I begin by asking students to write a short essay about their expectations for the year. Then, throughout the school year, I encourage students to update their entries with all of the new discoveries they’ve made. On the last day of school, I hand back their work. Kids love seeing what they said compared to how the year actually turned out. They even love looking at how their writing (cursive) had changed from months of practicing! —Suzanne Tingley, Watertown, NY
I use a digital camera to create an alphabetized name chart, complete with photos of the children. It’s a great way for kids to get to know each other—by name and by face—and it can be used to promote early literacy. —Jeremy Brunaccioni, Gill, MA
Steadfast Sand Castles
Early in the year, I have my students make sand castles to remember the fun they had at the beach this past summer! First, enlarge a picture of a sand castle. Use a mixture of ½ water and ½ white glue to paint the castle. Sprinkle fine sand over the top of the glue and let the glue dry. Shake off the excess sand, then have students decorate their castles with flags, pictures of beach toys—even real shells! —Tonya Kramer, Montpelier, ND
Random “Adjectives” of Kindness
We start the year off by creating a list of “kind” adjectives to display in the classroom. I like to give students a copy to bring home as well. I ask them to try to use at least two of the words from our list per day, and to add to it by using a thesaurus, interviewing others, or writing down positive words they hear. When students use one of these words in class, we celebrate by clapping! Watch how this learning activity pays it forward. —Patti Glynn, Wayland, MA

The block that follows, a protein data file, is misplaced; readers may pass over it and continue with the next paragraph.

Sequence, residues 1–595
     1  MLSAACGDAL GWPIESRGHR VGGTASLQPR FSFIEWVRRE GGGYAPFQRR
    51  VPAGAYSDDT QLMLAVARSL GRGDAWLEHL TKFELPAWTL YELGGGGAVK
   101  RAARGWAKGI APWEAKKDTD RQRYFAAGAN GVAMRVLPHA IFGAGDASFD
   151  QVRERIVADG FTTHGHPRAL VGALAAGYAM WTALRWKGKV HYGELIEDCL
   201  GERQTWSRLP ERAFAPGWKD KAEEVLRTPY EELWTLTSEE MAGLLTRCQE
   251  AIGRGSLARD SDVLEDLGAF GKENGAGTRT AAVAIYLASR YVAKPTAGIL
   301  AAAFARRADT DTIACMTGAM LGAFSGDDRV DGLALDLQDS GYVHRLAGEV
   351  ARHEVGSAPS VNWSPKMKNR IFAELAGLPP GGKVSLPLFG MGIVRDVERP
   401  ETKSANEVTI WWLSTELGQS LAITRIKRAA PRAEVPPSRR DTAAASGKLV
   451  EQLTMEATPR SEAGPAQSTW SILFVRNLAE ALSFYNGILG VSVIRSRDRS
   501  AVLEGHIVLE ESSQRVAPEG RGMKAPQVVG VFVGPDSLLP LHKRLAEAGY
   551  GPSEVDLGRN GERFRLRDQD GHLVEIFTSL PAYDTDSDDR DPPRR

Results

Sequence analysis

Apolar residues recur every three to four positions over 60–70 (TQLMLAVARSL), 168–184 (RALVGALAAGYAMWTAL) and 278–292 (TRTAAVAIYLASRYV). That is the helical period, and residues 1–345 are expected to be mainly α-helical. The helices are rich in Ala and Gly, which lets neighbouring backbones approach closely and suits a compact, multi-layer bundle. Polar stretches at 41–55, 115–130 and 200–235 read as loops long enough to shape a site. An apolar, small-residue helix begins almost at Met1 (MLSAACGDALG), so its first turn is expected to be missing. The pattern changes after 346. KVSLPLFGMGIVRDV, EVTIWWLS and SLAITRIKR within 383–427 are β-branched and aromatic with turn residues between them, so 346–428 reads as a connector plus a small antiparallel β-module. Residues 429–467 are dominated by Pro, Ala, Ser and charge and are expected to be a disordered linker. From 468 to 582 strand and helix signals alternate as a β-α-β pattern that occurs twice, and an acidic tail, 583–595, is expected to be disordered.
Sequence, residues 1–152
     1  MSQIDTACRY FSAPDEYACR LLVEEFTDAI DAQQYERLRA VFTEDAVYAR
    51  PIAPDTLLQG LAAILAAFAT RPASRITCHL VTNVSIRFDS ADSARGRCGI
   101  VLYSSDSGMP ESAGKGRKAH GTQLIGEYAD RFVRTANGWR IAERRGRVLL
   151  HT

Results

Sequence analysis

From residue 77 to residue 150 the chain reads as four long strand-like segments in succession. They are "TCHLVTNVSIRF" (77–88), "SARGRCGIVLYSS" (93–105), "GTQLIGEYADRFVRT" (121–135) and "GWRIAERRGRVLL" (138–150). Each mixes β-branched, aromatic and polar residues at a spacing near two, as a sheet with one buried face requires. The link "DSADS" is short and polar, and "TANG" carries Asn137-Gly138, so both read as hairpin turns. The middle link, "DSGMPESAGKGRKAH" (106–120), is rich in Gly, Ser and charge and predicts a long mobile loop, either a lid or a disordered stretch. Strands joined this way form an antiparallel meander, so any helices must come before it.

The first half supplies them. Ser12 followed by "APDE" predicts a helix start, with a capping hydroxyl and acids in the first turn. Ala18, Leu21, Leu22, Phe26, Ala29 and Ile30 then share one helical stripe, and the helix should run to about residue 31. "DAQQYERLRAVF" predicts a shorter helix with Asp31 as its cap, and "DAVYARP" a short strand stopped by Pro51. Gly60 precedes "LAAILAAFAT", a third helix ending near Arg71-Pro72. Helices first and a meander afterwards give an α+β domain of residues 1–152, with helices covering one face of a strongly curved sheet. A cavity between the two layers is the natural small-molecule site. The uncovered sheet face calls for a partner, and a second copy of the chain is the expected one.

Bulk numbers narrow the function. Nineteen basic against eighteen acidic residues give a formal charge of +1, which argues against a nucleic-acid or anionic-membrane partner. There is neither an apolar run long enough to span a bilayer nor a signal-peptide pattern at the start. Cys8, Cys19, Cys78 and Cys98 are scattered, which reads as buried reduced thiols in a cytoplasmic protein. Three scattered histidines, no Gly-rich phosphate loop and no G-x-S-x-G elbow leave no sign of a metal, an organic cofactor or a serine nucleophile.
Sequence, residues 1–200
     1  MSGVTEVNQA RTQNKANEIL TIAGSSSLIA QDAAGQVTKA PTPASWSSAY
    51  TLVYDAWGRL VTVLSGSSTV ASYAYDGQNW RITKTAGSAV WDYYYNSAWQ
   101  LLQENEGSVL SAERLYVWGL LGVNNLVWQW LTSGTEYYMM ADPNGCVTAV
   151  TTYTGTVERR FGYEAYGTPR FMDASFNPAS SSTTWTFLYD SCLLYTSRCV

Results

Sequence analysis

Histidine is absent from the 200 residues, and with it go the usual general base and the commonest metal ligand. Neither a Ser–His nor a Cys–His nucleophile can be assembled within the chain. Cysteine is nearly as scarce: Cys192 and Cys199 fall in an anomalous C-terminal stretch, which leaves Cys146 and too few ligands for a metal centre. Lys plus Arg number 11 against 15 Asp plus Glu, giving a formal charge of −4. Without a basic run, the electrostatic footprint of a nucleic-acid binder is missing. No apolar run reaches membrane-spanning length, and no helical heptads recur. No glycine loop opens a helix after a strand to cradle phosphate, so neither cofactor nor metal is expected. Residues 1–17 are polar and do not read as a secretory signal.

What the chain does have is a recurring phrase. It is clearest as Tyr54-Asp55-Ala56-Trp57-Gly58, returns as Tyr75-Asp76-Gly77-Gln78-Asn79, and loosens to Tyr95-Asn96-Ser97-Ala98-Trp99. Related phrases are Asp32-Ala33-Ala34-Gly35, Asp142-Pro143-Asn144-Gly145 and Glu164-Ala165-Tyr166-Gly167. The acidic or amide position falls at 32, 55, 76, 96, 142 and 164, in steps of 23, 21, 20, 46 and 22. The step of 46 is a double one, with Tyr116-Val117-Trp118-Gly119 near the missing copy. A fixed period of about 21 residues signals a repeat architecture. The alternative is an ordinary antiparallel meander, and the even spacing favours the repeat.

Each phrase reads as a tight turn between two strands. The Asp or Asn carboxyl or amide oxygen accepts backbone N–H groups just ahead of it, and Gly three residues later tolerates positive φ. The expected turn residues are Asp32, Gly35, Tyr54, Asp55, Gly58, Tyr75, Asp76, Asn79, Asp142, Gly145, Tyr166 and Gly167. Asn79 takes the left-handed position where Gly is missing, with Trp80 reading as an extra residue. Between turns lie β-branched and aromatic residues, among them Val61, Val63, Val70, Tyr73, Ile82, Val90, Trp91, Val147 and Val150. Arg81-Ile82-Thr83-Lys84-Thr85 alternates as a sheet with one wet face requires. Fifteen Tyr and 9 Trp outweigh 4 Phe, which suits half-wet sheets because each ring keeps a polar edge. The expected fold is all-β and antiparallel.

It is often difficult to make the transition back to school, so I have my students relive the days of summer by creating their favorite summer shirt out of various materials: paper, glitter, anything! Once they’re completed, we hang the shirts on a clothesline in the hall. The summer shirts are accompanied by the first writing activity—“Shorts Stories”—a description of a favorite pair of shorts and a memorable experience while wearing them. Both projects help to trigger parent memories on Meet the Teacher Night. —Marilyn Ruzick, Cincinnati, OH
All About Me
During my autobiography unit in the beginning of the year, I ask students to choose a song that best represents them. Then, they make a project presenting their song, using tamborines with words on them, CD cases, and even records. They are able to better understand the idea of autobiography by delving into their own lives. —Nicole Hughes, Pelham, AL
In the first week of school, my students and I put all of our colorful summer memories on display with a giant class collage. It includes ticket stubs, museum passes, brochures from traveling, even wrappers from their favorite candies. We include a write-up about all the fun we had! By leaving summer in the hallway, it really helps students get focused on the school year. — Ji Ji Lawley, Montevallo, AL